“We’re being quarantined here. We’re being kept here to die.”
The Scoop: 2008 R, directed by Carter Smith and starring Jonathan Tucker, Jena Malone and Laura Ramsey
Tagline: Terror has evolved.
Summary Capsule: College kids go off the beaten path in Mexico, and it certainly doesn’t come back to bite them in the bum. Oh, wait. Yes it does.
Justin’s rating: Green thumb? Try RED thumb bwahahahaha!
Justin’s review: One of my favorite Stephen King short stories is “The Raft”, in which four friends decide to go for one final Indian summer swim in a remote lake, where they get stranded on a wooden raft in the middle of the water as some terrifying entity – seen only as an oil slick-like blob – surrounds them and seeks to devour them. They can only live as long as they stay on the raft, but how long could that be? The horror doesn’t come from jump scares or big scary monsters; it comes from a hopeless situation that has only one possible outcome. The only question is how they get there, and how quickly. (Creepshow 2 adapted this as one of their story segments.)
Scott Smith owes a huge debt of homage to King for both Smith’s novel and screenplay of The Ruins, because this is essentially “The Raft” in a different setting and much more drawn out. Substitute “lake” for “ancient Mayan ruins,” “oil blob creature” for “ticked off flora/natives,” and there you go. The recipe for a couple hours of dread, despair and ultimate futility. That doesn’t make either of the stories any less fascinating – you simply can’t help asking yourself, “What would I do in this situation?” Probably nothing more than the characters do, to tell the truth.
Four American tourists, ripe for horror’s plucking, spend their last day on vacation in Mexico visiting an old Mayan temple. But not just any Mayan temple – this one is off the map and widely regarded by the locals to be evil. The past archaeological expedition that visited it vanished without a trace. And when they get there, natives emerge with guns and bows and arrows to warn them away.
Hey, they think, why not go check it out! We’re sure nothing bad can happen, because we’re young and cute and have our cellphones and a bottle of Aquafina! Whee! Take some pictures, while we’re at it, and steal their souls before we go traipsing on their sacred burial mound!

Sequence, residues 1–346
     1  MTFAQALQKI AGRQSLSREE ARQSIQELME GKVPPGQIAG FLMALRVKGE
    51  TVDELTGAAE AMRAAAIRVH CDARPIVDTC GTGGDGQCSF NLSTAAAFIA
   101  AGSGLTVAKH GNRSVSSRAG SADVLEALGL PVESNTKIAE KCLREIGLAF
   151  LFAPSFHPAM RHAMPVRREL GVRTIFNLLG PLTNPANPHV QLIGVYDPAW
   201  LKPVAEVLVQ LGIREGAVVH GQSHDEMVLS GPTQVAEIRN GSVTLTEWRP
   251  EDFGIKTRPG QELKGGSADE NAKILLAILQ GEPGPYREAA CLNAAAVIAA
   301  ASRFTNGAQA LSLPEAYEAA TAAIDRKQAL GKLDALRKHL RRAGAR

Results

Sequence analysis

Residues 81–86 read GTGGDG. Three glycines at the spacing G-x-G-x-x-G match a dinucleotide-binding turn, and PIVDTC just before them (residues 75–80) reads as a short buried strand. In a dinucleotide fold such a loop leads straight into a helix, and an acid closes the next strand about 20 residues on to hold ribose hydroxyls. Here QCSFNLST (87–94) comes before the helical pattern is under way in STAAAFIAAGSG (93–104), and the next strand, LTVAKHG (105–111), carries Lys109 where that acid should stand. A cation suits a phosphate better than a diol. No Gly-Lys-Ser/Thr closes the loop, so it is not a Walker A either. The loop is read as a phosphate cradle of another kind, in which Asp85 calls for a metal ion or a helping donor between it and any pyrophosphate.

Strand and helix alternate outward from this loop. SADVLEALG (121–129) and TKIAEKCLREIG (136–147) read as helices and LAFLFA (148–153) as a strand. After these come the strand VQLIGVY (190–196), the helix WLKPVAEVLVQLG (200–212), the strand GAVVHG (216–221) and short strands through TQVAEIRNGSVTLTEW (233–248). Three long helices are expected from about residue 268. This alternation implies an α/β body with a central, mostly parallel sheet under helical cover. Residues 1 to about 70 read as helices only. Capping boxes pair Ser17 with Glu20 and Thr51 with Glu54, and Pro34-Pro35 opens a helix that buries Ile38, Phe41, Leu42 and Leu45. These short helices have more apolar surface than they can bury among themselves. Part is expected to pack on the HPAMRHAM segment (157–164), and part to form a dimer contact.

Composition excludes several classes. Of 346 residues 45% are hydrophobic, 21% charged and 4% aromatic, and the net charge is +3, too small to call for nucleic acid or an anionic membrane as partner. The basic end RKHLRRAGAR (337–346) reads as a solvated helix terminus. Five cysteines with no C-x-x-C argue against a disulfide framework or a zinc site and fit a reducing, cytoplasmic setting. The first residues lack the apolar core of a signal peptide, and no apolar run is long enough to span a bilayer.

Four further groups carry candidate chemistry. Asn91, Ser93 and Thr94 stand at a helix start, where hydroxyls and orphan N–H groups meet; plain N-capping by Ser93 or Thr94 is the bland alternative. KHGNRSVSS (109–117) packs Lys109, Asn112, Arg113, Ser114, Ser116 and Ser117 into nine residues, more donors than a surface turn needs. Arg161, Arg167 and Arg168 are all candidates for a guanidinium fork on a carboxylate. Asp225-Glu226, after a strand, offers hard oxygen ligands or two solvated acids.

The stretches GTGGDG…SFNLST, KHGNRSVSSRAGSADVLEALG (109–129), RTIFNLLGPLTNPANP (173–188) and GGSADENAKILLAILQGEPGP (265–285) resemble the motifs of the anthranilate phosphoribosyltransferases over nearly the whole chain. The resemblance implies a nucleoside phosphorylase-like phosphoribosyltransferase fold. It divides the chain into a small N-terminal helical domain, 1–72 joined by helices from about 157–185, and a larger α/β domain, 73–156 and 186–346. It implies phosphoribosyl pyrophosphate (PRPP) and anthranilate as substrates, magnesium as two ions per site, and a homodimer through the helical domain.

It’s this strong-headedness that just makes me fall in love with horror victims all over again.
So when the four Americans, along with a German and some other guy who dies too early to be of any interest to me, head up to the ruins, I don’t have a lot of sympathy. I didn’t when I read the book, either – the characters were some of the most unsympathetic whiners and jerks that I’ve come across since Eli Roth’s Cabin Fever.
The crux of the film is their plight on top of the temple ruins, surrounded by the natives and dwelling among something too horrible for most florist shops. They can’t leave or they’ll die; they can’t stay or they’ll die. Choices, choices.
In some movies, a plucky few survivors might start to uncover the mystery behind the evil in order to combat it directly, but this isn’t that sort of film. Shot in mostly natural light, we’re here to witness the final hours and days of six people who were in the wrong place at the wrong time. John McClane, eat your heart out. It gets depressing, it gets gory, and even though it’s out in the wide open, you can’t help but feel claustrophobic as their choices narrow down to a gruesome few.
It’s not a perfect movie, but The Ruins has resonated quite a bit with horror fans. It’s more suspense than slasher, and the premise (while completely silly) is arresting in its setup. Some movies beckon you to check them out based on the premise alone (if the bus goes below 55, it explodes!), and that is arguably the best reason to see this film. But don’t go into it expecting them to avoid familiar missteps that nearly every scary flick makes. And people: never, EVER go off with a strange German into the middle of the jungle. If Indiana Jones can learn this, why can’t you?
The Ruins is exactly why I return to the horror genre, even against the advice of counsel. It’s a lot mean, a bit dumb, and lacking any real depth whatsoever – yet there’s imagination at work here that makes for a compelling viewing. If only other genre writers would pick up on the unleashed creativity that is festooned throughout horror, we would all be much better off for it.
- The book and film, despite being written by the same guy, have a few differences (who gets killed when, etc.). I found the novel to be a LOT more depressing and horrific, as it could stretch these events out over a longer span of time.
- If the natives were trying to warn the tourists away, shouldn’t they act a bit friendlier?
- He ACTUALLY told them to “split up” in the scary ruins? Seriously?
- If Mexican taxi drivers tell you a place is “evil”, then… maybe don’t go
- A flower was alive? Perish the thought!
Amy: We’re being quarantined here. We’re being kept here to die.
Jeff: Four Americans on vacation don’t just disappear!
Jeff: People come from all over the world just to see these ruins, especially one that’s not on the map. I’m not taking you to some tourist trap, honey. Don’t you want to have some experience or something to shoot other than the beach, the pool, the beach, the pool?
Eric: Oh, the terrible wrath of Jeff, followed by I’m sure the more frightening whining of Amy.
Stacy: And it was covered. Why would it be covered?
Jeff: Maybe the archaeologists don’t want people finding the site, guys.
Amy: [sarcastically] Well great, they’re going to be thrilled to see us then.
If You Liked This Movie, Try These:
- Creepshow 2
- Cabin Fever